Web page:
It really was quite strange. You had to dip the pen into the warm wax from the heating vessel and then it was to be poured from a tip leading from a cavity that held the heated wax out through a small spout. It was almost like decanting from a miniature gravy boat in a way, but kind of backwards. Once we finished, thankfully our teacher touched up the areas that needed the wax to be a bit thicker to keep the dyes separated and prevent them from bleeding into other parts of the design when we got to that part.
The wax heating pot and the wax pen I believe would be the most difficult items to obtain here in Australia, but it turns out you can use a double boiler or heavy base saucepan to gently heat the wax in much the same way as you would melt chocolate. I would probably use an old saucepan from a second hand store to melt the wax in so as not to ruin your own pans. It’s important for the wax to be warm and not hot, approximately 80’C (170’F). It is said that you can use simple white household candles or candle wax beads and melt them down for the wax and to just use thick and thin paint brushes
Once we finished our wax pouring, our teacher had to redo all of our wax outlines to make sure they were all thick enough to keep the colours from bleeding into each other once we started dyeing the material. It would have been a disaster if he hadn’t. We noticed some of our outlines were really quite thin and I can’t imagine the mess that our pictures would have become if he hadn’t checked over our work. I know this is an important factor to watch out for, if ever I decide to try batik again here at home.
We felt a bit sorry for our instructor because our pictures were quite large and more intricate than the example pieces he gave us to look at for ideas. It all added on to the time our lesson took. Even with his expertise and how fast he was able to work it still meant we might push over the time our class was meant to take. But I’m really glad we did the patterns we chose in the end because they really came up stunning.
3.Dyeing the Areas to be Coloured
Next we painstakingly painted the pictures where we wanted the colours to be, remembering that there would be white areas left over after the wax came off. It was important not to use too much because the dye would bleed into the other colours or be too thick to apply the colour in different shade gradients. We took a bit of time doing this and ended up choosing to pay a bit more for our lesson because of going over our time slot. Luckily no one was waiting for the next class. We used the fabric dyes provided by the instructor, but thinking on how to attempt batik back at home, using basic tie dyes from a simple kit would work. You can buy dyes individually, such as this one, or look for something like this kit which is available in Australia. There are a few kits that contain different colours depending on your need and if you prefer.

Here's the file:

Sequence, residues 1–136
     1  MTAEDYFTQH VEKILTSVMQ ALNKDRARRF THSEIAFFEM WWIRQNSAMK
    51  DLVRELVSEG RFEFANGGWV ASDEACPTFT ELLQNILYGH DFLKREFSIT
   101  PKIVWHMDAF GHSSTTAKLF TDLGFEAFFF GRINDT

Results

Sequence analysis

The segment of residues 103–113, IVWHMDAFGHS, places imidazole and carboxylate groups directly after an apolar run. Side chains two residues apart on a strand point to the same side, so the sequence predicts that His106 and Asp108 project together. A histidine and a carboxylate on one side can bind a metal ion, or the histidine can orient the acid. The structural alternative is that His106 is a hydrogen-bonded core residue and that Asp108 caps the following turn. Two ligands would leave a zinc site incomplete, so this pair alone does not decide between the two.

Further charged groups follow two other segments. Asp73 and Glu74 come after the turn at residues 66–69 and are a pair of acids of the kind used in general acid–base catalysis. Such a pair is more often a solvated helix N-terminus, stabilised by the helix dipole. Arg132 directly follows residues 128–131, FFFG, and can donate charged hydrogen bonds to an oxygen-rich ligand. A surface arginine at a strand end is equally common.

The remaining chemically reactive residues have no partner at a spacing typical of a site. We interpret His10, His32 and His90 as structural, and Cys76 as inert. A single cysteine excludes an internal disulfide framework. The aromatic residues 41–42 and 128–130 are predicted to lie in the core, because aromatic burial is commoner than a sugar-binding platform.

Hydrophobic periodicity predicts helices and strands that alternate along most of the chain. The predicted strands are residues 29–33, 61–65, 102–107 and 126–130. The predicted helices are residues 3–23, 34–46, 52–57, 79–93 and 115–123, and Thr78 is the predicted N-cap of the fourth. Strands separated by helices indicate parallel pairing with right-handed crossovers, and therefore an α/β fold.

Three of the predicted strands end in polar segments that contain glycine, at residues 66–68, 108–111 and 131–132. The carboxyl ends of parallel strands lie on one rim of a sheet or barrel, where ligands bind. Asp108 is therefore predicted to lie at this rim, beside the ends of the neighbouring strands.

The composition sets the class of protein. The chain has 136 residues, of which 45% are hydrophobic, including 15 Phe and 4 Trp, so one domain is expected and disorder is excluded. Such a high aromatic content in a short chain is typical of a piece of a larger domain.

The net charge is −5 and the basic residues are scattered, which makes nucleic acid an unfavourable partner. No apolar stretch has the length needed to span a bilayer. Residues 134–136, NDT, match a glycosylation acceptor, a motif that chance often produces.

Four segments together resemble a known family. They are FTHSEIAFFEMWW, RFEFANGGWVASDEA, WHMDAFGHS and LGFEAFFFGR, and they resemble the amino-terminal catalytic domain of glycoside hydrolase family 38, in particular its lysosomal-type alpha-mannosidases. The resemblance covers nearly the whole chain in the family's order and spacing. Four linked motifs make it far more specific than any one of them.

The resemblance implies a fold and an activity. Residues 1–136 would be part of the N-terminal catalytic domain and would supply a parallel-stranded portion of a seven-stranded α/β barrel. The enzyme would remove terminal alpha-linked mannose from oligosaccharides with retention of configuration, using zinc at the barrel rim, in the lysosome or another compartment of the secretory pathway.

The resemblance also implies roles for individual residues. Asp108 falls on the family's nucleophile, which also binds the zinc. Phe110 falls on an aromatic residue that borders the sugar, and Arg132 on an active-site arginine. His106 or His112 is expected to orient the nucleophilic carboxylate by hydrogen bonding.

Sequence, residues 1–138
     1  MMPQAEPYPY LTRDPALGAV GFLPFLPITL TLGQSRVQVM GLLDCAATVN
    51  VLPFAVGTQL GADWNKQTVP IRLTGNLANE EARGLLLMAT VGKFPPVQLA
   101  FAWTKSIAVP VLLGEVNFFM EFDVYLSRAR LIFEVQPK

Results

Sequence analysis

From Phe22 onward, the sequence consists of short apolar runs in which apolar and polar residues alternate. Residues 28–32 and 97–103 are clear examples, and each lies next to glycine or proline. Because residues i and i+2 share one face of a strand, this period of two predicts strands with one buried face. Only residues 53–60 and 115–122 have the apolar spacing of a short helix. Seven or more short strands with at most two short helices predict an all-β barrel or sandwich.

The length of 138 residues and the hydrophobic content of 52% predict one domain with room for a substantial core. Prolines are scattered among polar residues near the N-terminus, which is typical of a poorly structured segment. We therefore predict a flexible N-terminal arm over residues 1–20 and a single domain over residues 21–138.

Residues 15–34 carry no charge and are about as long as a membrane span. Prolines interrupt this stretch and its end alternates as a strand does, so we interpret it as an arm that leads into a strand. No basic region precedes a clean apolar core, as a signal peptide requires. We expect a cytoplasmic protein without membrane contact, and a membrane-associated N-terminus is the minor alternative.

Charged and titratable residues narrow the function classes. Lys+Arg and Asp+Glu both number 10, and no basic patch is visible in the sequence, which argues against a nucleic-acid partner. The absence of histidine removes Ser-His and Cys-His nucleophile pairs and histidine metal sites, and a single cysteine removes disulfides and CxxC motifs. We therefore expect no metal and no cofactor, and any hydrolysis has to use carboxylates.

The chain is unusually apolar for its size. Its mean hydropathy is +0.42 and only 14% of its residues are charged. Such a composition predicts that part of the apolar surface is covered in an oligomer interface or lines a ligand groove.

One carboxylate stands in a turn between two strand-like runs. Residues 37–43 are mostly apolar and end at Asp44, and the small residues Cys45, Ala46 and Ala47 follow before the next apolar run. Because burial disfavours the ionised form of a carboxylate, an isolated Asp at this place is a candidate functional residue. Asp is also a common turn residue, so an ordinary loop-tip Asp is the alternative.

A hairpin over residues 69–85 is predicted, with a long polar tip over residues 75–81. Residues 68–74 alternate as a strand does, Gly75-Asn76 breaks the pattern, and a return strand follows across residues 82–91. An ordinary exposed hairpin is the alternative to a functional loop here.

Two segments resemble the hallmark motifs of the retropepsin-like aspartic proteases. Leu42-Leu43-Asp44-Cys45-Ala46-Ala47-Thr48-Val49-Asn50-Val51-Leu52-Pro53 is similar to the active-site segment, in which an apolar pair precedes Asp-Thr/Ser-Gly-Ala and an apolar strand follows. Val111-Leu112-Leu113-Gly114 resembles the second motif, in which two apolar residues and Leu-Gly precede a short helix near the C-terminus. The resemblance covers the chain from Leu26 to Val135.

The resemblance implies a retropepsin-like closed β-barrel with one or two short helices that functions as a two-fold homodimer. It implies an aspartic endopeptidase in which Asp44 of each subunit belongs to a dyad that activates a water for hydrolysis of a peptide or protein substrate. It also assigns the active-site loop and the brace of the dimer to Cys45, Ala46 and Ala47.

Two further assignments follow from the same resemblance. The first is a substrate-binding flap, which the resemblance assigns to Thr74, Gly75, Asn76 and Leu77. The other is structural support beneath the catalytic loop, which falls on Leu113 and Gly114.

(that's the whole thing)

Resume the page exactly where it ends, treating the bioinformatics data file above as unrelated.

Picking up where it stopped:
4. Washing the Fabric
The next step was simply washing the excess dye from the fabric. I think he only used cold or luke warm water at this point. I don’t think he wanted to wash the dye out or the wax off. He simply placed it in a pot with water in it and swished it around in the pot a bit before taking it out.
5. Drying The Fabric
Then it was a simple matter of laying the fabric out to dry. He told us normally they would dry it in the sun because it was always so warm there and it wouldn’t take long. But this day the weather was a bit cloudy and so he opted to use a hair dryer. Which funnily enough was the only modern utensil there and we were surprised he had one on hand. I think this stage was meant to ‘fast’ the colours of the dye onto the fabric.
6. Washing Off the Wax
Then it was time for the second wash where he used warm water and detergent to wash off the wax and more dye. We noticed the colours looked paler but still vibrant and more like the colours of the example pieces of art that we originally used to decide upon our designs.
7. Drying the Fabric Again
And now it was back to drying the fabric for a second time now that the wax was washed off. You can clearly see the white lines left by the removal of the wax, giving the art work it’s classic batik look.
8. The Finished Product
Then all that was left was to wait for the fabric to dry again and take it home ready to frame. Mine is the one on the right and my sister’s finished work on the left in this picture. And we finished off our wonderful experience with a lovely lunch at the restaurant on site.
I have to say we are most proud of these works of art, even if they have simplistic designs, it was still not an easy task to actually draw the frangipanis and the geckos. Ours were odd sizes and shapes, some were too fat or thin. Some were not exactly to scale and the artist who taught us had much better art work, but nonetheless, they are ours and we loved what we produced that day. I think if I was to think about which was the hardest design to draw, I found the frangipanis the most difficult. When filling them in with ink, I think I didn’t allow enough room to bleed, whereas my sister did a fabulous job on hers, seeming to get just enough dye in just the right places for the frangipanis to look more realistic. I liked the non-symmetrical side of my own design.
In Terms of Therapeutic Art Activities, Batik Was Definitely a Winner
Would I choose to do Batik again as an art or a therapeutic activity again? Yes, I would certainly venture down that path another time. It was a thoroughly enjoyable, and most importantly, a doable activity. I might even go to the same art gallery in Ubud, Bali to do it again if I ever get back there. I would love to try to improve on the next piece of work I endeavoured to do. As far as doing it here at home, I think one day in the not so distant future, when the grandkids are a bit older, I would not be opposed to setting up a little studio where I could try my varying interests in art styles and batik would be on that list. Anything that I call therapy is a good thing in my books. I hope you try it one day too. It doesn’t have to be a huge intricate design. In fact I prefer our simple pieces to anything that would become too intricate.
Thank you for your interest in reading this article and I sincerely hope you give different forms of therapy, such as doing Batik, a try.